cutting means attached to said body in a downward extending configuration adjacent said guides, said cutting means extending downward to intersect with each horizontally extending, longitudinal slot for severing the carpet backings as said base plate is drawn across the floor through the sections.



5. The carpet cutter of claim 4, wherein said cutting means is a pair of downward extending, diverging blades having cutting edges which face outwardly in opposite directions.

6. The carpet cutter of claim 4, wherein said handle means for drawing said plate across the floor includes a hump shaped handle extending upwardly from said body and positioned intermediate the ends of said base plate, and wherein said handle is attached to upwardly project from said body.

7. The carpet cutter of claim 4, wherein said cutting means is a downward extending blade which intersects diagonally with each horizontally extending longitudinal slot with its cutting edge facing into the longitudinal slots for severing the carpet backings as said base plate is drawn across the floor.

8. The carpet cutter of claim 4, wherein said body includes a downward extending web portion having a plurality of at least three, vertically spaced, longitudinally extended, elongated fingers which extend laterally from said web, said fingers constituting said guide means forming said slots.

9. The carpet cutter of claim 8, wherein said plurality of fingers is three in number.

10. The carpet cutter of claim 8, wherein said web portion and said fingers are cast in a single, integral structure, and wherein said cutting means comprises a single blade element extending down through both slots for cutting the carpet portions.

11. The carpet cutter of claim 8, wherein said web portion includes a curved portion between each of said fingers.

12. The carpet cutter of claim 11, wherein said curved portion tapers outward toward said web portion for allowing said web portion to easily pass between the cut carpet portions.

13. The carpet cutter of claim 8, wherein there is included an elongated spring-like portion in each one of said slots biasing the respective carpet section into contact with at least one of the guide means.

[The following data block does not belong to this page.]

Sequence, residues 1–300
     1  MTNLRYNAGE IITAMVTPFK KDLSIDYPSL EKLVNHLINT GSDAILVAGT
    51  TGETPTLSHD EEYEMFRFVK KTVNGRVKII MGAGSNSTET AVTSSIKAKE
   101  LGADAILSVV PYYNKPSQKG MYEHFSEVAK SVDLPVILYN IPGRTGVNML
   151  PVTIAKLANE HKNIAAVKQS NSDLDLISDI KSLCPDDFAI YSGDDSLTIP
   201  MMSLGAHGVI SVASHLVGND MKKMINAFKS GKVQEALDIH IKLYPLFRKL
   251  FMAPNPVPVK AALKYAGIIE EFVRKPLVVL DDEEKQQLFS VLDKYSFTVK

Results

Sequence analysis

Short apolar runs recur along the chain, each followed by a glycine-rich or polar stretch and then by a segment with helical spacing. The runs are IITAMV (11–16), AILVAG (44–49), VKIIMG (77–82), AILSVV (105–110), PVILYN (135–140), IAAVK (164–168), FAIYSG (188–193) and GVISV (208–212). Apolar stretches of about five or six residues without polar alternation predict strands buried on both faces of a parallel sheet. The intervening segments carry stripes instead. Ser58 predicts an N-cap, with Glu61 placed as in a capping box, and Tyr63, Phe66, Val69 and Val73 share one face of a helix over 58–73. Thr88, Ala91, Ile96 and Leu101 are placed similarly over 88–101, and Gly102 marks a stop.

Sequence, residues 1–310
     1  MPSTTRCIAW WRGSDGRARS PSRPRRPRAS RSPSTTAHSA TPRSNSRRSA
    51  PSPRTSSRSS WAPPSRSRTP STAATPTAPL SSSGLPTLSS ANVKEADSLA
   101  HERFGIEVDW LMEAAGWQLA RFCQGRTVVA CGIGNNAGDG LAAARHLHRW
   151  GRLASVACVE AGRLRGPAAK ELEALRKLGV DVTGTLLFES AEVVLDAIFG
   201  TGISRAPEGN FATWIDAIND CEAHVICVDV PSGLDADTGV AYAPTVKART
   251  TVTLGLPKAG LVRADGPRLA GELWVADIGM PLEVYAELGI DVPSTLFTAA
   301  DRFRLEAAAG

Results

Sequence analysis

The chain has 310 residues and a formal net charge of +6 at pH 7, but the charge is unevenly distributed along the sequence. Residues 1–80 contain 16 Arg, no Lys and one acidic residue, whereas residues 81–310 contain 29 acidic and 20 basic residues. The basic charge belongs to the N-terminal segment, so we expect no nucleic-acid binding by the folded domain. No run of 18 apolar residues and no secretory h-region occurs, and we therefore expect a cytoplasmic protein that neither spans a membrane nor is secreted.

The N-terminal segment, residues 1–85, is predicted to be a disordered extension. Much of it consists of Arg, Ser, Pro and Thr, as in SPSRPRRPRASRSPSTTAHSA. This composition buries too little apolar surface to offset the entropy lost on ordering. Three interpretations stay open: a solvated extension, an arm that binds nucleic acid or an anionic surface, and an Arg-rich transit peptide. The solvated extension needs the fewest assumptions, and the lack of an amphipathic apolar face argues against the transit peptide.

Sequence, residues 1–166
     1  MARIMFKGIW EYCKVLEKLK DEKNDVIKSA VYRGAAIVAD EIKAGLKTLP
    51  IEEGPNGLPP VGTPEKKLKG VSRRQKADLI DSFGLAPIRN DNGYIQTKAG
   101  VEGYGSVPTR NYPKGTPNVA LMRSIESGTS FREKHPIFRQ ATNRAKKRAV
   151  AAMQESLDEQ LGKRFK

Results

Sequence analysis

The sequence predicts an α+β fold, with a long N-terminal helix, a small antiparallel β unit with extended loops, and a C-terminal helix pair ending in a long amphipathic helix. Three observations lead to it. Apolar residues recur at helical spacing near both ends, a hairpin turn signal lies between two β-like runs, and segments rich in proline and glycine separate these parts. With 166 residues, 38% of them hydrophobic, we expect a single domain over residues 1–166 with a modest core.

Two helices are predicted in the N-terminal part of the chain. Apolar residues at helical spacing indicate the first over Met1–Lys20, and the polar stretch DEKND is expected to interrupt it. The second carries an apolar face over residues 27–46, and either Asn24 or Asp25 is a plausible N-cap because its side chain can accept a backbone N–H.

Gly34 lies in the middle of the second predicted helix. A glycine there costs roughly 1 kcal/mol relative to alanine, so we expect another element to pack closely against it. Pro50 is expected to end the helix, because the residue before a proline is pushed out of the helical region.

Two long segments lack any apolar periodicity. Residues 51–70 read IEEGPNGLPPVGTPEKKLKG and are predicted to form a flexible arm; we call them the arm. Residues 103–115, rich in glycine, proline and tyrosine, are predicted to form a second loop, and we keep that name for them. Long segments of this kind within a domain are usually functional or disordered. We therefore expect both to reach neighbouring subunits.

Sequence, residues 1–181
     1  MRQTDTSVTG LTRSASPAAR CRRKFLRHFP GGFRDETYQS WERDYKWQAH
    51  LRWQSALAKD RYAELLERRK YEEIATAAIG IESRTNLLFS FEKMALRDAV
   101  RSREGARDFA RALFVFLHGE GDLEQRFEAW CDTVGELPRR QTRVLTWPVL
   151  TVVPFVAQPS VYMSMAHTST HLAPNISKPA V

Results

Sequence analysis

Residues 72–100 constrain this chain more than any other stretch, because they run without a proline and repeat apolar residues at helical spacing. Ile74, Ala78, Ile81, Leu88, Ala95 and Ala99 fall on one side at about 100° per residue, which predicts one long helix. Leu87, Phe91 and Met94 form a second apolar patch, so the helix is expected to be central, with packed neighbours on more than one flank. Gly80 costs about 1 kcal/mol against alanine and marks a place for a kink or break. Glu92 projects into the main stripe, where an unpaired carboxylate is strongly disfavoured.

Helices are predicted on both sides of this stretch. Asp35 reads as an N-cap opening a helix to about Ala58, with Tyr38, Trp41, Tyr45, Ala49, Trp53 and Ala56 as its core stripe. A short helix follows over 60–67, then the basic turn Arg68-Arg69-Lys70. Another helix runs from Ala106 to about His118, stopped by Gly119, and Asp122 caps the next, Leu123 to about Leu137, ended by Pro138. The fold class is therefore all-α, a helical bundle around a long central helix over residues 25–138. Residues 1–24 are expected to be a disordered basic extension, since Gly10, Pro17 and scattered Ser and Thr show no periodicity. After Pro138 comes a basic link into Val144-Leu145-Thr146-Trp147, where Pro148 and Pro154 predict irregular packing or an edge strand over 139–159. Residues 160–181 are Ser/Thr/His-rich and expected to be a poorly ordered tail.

14. The carpet cutter of claim 4, wherein said cutting means is a powered, circular blade rotatively disposed within said body with its cutting edge intersecting said elongated slots and with its axis of rotation disposed laterally to the axes of said elongated slots.

15. The carpet cutter of claim 14, wherein said slots are separated by a vertical distance of less than about a half inch.

16. The carpet cutter of claim 4, wherein there is included an elongated spring-like portion in each of said slots biasing the respective carpet section into contact with at least one of the guide means.

17. A carpet cutter for cutting a pair of overlapping carpet sections lying on for example a floor, comprising:

a body having a downward extending web portion;

at least three vertically spaced, elongated fingers extending laterally from said web in a vertically spaced parallel relationship for providing upper, lower and intermediate, spaced, longitudinal guide means forming two elongated, one-above-the-other, adjacent slots therebetween, said fingers having an unattached free end for providing access to said slots;

cutting means attached to said body in a downward extending configuration adjacent said fingers, said cutting means extending downward to intersect with each elongated slot; and

a curved portion included with said web between each of said fingers distal the free end of said fingers having said cutting means extending from said curved portion axially into said slots, said curved portion tapering from its juncture with said cutting means outward to its juncture with said web.



18. The carpet cutter of claim 17, wherein there is further included in each of said slots an elongated, spring-like member attached to a planar, elongated surface of one of the fingers forming the slot, which spring-like member extends rearward and distal said planar, elongated surface to intersect with said blade, said spring-like member including an axial, bisecting slot at its intersecting end in which axial slot the cutting edge of said blade is freely located.

19. The carpet cutter of claim 17, wherein said cutting means comprises:

a circular blade rotatively disposed in said body with its axis of rotation lateral to the longitudinal axes of said elongated slots, said blade having a curved cutting edge intersecting said slots for providing a cutting action lateral the axis of said slot.



20. The carpet cutter of claim 19, wherein there is further included in each of said slots:

an elongated, spring-like member attached to a planar, elongated surface of said finger which extends rearward and distal said planar, elongated surface to intersect with said blade, said spring-like member including an axial bisecting slot at its intersecting end in which the cutting edge of said blade is freely located.



Description:

BACKGROUND OF INVENTION

1. Field of Invention

This invention relates generally to a hand tool, and more particularly is directed towards a hand tool for cutting overlapping carpets, pads and the like simultaneously in the same stroke, so that two, one-above-the-other, parallel cuts in the overlapped carpet portions are simultaneously made, the carpet backings thereby being identically severed in mirror fashion, available for abutting joining to provide an invisible seam.

2. Prior Art & General Background